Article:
Freedom of Information Act case argued in Iron County


Staff Writer

CRYSTAL FALLS – A resident of the Iron County Medical Care Facility (ICMCF) in Crystal Falls Township has filed a civil lawsuit against the facility, alleging that it has not lawfully complied with the Freedom of Information Act (FOIA).

Enacted federally in 1966, FOIA allows citizens to obtain access to public records with some exceptions. The state of Michigan passed its own version of FOIA in 1976.

ICMCF’s attorney Kenneth Lane claimed that resident Patrick Ward’s prolific FOIA requests to the facility, which amounted to about one per day since January 2013, were “overly broad” and “overly burdensome.” As a result, he advised ICMCF to discontinue responding to the requests.

Ward and his attorney Torger Omdahl contend that such an action placed ICMCF in violation of FOIA.

Attorneys for both parties were in Iron County Trial Court Wednesday for a hearing on the matter.

Due to a conflict of interest, Dickinson County Circuit Court Judge Richard Celello presided over the case instead of Iron County Trial Court Judge C. Joseph Schwedler.

Omdahl explained that Ward, who is blind and disabled, filed FOIA requests with ICMCF throughout 2013 for information related to ICMCF Administrator Chester Pintarelli’s salary, fringe benefits, payroll information, checks, and employment contracts.

Citing the fact that ICMCF has more than 300 employees at its disposal, Omdahl estimated that it should have taken only 10 to 15 minutes to find the information Ward requested.

Furthermore, Omdahl pointed out that ICMCF’s position that it could deny Ward’s requests for being overly burdensome is not legally sound.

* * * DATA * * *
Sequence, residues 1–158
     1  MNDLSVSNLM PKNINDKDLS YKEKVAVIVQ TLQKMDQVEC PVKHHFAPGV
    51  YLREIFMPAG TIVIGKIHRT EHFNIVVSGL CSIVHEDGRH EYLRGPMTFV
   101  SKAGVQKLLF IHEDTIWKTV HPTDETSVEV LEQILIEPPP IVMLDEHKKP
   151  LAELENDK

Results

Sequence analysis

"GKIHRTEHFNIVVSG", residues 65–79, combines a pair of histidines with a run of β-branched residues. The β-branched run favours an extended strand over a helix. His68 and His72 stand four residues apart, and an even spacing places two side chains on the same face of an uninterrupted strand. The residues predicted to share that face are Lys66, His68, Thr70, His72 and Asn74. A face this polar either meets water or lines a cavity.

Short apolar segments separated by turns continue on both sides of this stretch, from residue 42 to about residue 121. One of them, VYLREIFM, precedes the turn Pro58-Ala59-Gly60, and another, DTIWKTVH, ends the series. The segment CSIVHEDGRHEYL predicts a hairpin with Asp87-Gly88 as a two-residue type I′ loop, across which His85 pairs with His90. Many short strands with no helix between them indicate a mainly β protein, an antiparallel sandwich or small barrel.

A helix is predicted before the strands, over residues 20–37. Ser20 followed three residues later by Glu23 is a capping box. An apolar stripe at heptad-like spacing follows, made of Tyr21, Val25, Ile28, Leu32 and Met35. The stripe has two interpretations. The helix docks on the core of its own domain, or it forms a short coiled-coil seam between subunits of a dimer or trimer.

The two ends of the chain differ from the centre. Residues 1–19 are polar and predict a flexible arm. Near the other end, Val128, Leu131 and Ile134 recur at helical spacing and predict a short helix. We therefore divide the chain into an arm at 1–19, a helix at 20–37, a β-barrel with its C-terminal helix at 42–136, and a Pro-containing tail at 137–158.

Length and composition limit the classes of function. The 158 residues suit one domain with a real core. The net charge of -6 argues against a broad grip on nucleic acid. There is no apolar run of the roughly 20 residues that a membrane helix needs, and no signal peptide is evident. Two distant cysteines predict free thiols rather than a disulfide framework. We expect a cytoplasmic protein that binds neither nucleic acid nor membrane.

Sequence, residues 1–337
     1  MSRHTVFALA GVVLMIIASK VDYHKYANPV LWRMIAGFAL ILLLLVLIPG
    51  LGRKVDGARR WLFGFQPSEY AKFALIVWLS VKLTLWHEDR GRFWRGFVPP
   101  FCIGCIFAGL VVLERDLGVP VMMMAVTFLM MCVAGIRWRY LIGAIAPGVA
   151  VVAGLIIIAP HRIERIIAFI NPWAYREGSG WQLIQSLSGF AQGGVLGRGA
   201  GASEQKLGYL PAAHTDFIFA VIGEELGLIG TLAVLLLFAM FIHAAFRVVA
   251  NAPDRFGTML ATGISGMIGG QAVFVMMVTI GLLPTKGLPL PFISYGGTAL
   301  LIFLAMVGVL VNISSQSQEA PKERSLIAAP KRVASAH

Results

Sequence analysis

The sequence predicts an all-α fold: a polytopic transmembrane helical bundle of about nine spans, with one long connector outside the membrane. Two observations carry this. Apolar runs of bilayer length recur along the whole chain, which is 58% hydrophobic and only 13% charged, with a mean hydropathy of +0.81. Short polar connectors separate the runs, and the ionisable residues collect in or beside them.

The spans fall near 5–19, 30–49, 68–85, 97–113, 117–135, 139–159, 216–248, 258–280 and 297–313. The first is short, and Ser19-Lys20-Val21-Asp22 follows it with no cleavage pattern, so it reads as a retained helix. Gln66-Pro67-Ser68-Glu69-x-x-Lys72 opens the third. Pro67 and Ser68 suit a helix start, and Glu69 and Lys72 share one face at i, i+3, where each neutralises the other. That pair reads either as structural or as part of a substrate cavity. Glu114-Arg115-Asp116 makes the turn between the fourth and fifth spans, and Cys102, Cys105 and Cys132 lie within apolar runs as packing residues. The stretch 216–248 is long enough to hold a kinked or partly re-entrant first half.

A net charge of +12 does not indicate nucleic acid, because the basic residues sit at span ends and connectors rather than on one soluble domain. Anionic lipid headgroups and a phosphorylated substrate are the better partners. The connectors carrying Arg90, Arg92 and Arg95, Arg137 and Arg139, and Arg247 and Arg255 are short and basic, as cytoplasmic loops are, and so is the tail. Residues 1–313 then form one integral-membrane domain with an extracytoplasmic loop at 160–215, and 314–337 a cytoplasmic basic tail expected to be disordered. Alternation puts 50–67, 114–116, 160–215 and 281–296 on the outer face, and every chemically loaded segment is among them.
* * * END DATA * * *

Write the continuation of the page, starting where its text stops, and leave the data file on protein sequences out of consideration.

“I can find no reference to the concept of overly burdensome or anything like that in FOIA,” he said. “To me, and I’ve done a lot of FOIA cases over the past 25 years, this is about as strange a case as I’ve seen.”

Omdahl added that Ward is looking for a judgment against ICMCF requiring the facility to comply with FOIA for his and any other citizen’s requests, to pay punitive damages in the amount of $500, and to pay attorney fees.

According to Lane, by August 2013, it became impossible for ICMCF staff to keep up with Ward’s requests. He noted that although ICMCF has over 300 employees, only two of them are qualified to go through public records and redact any confidential information not subject to FOIA.

“The purpose of FOIA is to provide public access to documents, not to create an intolerable burden on public bodies,” said Lane. “At some point, enough is enough.”

Judge Celello agreed with Omdahl that ICMCF’s “overly burdensome” defense was not valid. He said that only a court, and not ICMCF itself, can determine what constitutes “overly burdensome.” In addition, he hoped to send a strong message to ICMCF regarding appropriate FOIA responses.

However, Judge Celello was still unclear as to whether or not ICMCF staff sufficiently understood what documents Ward was requesting, and if those documents existed.

For example, neither of the parties were sure of what Ward was requesting when he asked to see “current budget provisions.”

Lane believed that a single “current budget provisions” document did not exist, and that the information would have to be pulled from different sources. Omdahl said that all the necessary information would probably be contained within ICMCF’s budget document.

Judge Celello said that Omdahl will have to establish that Ward sufficiently identified the documents in his requests and that the documents did indeed exist in order to win the case. He put off judgment over punitive damages and attorney fees to a future hearing at a date yet to be determined.

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